Watch a Helicopter Catch a Rocket Booster Falling Back from Space
Rocket Lab launched its 26th Electron mission, successfully deploying 34 small satellites into orbit.
History was made as Rocket Lab successfully caught a falling Electron first-stage booster with a customised Sikorsky S-92 helicopter. Rocket Lab secured it at approximately 9:08 am AEST. After launching to space, Electron’s first stage returned to our planet under a parachute.
At 6,500 ft, Sikorsky S-92 from Rocket Lab ‘rendezvoused’ with the returning stage and used a hook on a lengthy line to capture the parachute line. But after the catch was complete, the helicopter pilot detected “different load characteristics” than those experienced in testing.
He decided to offload the stage, which led to a successful splashdown into the ocean. Now, the stage is being loaded onto a recovery vessel by Rocket Lab. According to the company, it will be transported back to the company’s factory.
Rocket Lab, a California-based company, was targeting 8:41 am AEST to launch its rideshare mission, dubbed “There and Back Again.” Live coverage of the attempted launch and booster catch was set to start around 8:10 am AEST. The launch window closed today at 10:41 am AEST.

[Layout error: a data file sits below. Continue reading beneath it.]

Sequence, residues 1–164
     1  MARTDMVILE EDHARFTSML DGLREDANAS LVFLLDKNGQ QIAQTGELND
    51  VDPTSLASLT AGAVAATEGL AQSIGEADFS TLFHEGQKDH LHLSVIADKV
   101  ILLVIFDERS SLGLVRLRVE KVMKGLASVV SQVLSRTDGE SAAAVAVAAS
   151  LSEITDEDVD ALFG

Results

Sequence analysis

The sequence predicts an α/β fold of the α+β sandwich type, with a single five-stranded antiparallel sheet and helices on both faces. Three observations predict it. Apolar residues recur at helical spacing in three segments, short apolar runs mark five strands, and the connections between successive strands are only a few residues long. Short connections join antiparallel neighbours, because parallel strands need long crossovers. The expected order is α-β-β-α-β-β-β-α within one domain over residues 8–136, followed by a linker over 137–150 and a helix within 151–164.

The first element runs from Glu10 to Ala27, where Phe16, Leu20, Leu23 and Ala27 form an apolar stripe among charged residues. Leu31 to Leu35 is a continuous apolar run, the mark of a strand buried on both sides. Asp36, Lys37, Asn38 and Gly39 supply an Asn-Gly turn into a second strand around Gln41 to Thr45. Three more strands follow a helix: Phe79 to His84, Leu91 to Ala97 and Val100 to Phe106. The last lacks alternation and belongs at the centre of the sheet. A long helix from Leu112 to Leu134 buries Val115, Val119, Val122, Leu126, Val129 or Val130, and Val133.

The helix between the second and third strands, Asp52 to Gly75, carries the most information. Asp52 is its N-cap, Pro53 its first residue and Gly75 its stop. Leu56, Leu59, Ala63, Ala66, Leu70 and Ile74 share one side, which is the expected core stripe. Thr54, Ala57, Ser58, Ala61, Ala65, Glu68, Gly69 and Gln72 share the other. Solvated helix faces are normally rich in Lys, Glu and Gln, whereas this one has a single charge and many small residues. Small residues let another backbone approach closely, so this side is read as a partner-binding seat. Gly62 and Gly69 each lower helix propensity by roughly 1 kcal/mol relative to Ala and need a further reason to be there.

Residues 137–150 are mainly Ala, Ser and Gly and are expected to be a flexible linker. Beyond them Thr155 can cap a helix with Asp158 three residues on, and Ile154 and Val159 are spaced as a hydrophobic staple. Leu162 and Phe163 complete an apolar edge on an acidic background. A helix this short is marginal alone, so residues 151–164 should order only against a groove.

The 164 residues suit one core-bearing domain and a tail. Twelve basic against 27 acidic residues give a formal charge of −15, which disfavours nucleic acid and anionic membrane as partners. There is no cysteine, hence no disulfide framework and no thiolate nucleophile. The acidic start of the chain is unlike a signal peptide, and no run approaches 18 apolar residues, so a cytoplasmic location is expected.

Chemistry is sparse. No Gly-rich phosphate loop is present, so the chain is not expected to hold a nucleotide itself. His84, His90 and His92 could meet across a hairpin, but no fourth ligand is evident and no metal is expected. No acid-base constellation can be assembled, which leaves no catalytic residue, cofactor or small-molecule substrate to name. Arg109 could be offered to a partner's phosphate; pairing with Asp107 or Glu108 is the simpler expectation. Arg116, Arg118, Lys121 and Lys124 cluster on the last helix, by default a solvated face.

The launch was unique as it included an exceptional recovery mission. The pilots of a modified Sikorsky S-92 helicopter attempted to catch the Electron booster mid-air during its parachute-assisted descent. Rocket Lab has successfully done the same during scaled-back tests.
Before the catch began, the company stated that Rocket Lab “will attempt to provide a live view of the catch from the helicopter, but due to the remote location where the capture will take place, we do expect some video loss.”
It also mentioned, “Upon the success of this recovery, Electron will be one step closer to being the first reusable orbital small sat launcher.”
The launch of the Electron took place at the Launch Complex 1 Pad A on New Zealand’s Mahia Peninsula of Rocket Lab. The rocket had to deliver 34 small satellites to Sun-synchronous orbit for customers such as Astrix Astronautics, Alba Orbital, E-Space, and Aurora Propulsion Technologies, among others. A successful deployment brought the total number of satellites launched by an Electron rocket to 146.
Watch the catch and drop by the helicopter in the video below.
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